“Bury it,” I say, like the priest. I still feel his grip on my arm.

My basement is a bit larger than a crawlspace with an earthen floor. Maybe this is another reason I was chosen: because I can dig a hole with no-one looking. It takes an afternoon. I want to sink it deep, out of easy reach, but I end up stopping at two feet. The ground is stubborn, and I want to get it done before the evening episode of Glee. It’s a rerun of course, but it’s like when good friends come back to visit.


August 10

My brother is coming to dinner tonight. We see each other only on his birthday. We’re polite. It’s over in two hours. Tops. He asks me about my life; I ask him about his. Neither tells the truth about anything, and neither has any interest in the other whatsoever. Often I think I could feel something for him if we had a soundtrack and a good director. I mention him only because his visit obliges me to clean off the cluttered kitchen table, which is the only reason I remember the box of Nazi at all—buried under two months of bills, breadstick bags leaking crumbs, junk mail and magazines that keep coming though I never order them.

I didn’t bury it in the crawlspace. I couldn’t. I brought it back to the kitchen and Googled the Nazi instead. His name had over two million hits. I read all the Wiki pages. His daughters still live in Argentina; would they try to find him? He’d been a doctor, educated in a small village in southern Germany. I read into the night, every night. Two million hits for this man whose contribution to the world had been nothing less than monstrous. Mornings my gut hurt, but I kept reading. So many words devoted to this fiend. I Googled myself too. Mark Johnson. Over 500 million hits. But not one of them—or at least not in the first hundred pages—was me. He left an awful mark on the world. I’ll leave nothing.

I clear the table to get it ready for my brother’s birthday dinner: always lamb cutlet in a white wine sauce, white asparagus and white wine. His favorite, or so he says. I’ve served it for the last ten years. He probably hates it but endures it because it’s easier to eat something he doesn’t like rather than to step over the line of pale politeness.

When I pick up the box of Nazi, it leaves a perfect little Mount Fuji of ash on the table. The accumulating clutter on top of the box must have pressed a hole in the already-rotting cardboard. I fetch the dustpan, sweep it up. It’s only a dab in the pan. Gray. Sandy. Instead of depositing it back into the box, I sniff it. Carbon. I nudge it with my ring finger. Some of the Nazi clings to me. Reckless, I lick the slaty smudge off and empty the rest into the trash. The Nazi tastes like pencil lead.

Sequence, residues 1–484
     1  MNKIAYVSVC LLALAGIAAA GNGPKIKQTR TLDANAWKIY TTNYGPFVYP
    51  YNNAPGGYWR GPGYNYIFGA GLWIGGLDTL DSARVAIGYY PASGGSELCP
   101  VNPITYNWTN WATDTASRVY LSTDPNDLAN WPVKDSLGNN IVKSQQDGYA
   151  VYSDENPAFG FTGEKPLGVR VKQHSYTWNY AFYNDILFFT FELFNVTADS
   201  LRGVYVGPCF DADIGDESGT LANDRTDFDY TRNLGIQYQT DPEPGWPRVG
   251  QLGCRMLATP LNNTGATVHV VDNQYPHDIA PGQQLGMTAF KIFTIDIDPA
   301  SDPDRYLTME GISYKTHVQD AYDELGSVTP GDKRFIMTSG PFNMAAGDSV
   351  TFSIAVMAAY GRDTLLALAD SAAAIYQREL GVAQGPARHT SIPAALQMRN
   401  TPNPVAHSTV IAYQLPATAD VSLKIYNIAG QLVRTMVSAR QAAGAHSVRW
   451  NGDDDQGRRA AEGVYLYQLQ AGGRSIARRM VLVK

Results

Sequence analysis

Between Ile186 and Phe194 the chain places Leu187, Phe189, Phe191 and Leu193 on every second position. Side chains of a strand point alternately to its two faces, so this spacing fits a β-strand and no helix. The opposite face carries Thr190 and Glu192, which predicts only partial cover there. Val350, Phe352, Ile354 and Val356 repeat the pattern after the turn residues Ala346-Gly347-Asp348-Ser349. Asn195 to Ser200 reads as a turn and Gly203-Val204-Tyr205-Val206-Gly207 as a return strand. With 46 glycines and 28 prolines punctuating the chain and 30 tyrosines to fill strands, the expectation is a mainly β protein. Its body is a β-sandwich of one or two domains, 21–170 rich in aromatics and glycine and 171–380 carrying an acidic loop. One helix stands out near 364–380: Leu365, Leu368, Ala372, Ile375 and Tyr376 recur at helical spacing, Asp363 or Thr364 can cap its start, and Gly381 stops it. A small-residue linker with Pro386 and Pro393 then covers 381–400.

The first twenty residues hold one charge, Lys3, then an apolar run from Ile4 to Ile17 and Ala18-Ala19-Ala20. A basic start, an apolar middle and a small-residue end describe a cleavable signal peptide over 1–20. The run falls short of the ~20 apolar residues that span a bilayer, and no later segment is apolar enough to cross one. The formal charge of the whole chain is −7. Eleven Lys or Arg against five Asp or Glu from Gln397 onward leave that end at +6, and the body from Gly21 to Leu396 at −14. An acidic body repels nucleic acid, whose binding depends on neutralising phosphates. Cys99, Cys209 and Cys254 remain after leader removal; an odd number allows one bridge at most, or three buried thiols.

I take the box back to the basement. I mean to bury it, to be done with this man’s life before my brother comes. A practical precaution. For more than an hour I sit with the Nazi at the bottom of its hole. I try to feel something. Rage. Sorrow. Revulsion. Anything. It’s no use. If I’d had a history of love or hate, maybe I could feel something right now without a 25-year-old high-school kid breaking into song. But I feel nothing, even as my brother’s voice booms from the answering machine in the kitchen above. He won’t be coming this year. He doesn’t give a reason. I’ll need to put the lamb back in the freezer. It’s already begun to thaw, and I don’t really like lamb.

I sit another few minutes before I lift the box of Nazi out, wiggle off its top. It’s half full, two million tiny specks. Outside, a neighbor revs and chokes his lawnmower, and for two seconds maybe I hear a melody. But as it modulates to a constant, senseless drone, I close my eyes. I lick two fingers, drag them through infamy and lift them to my mouth.



Christopher Allen grew up in Tennessee but now lives somewhere in Europe. He’s a writer, editor and a teacher, a singer and a cook. He blogs at www.imustbeoff.com.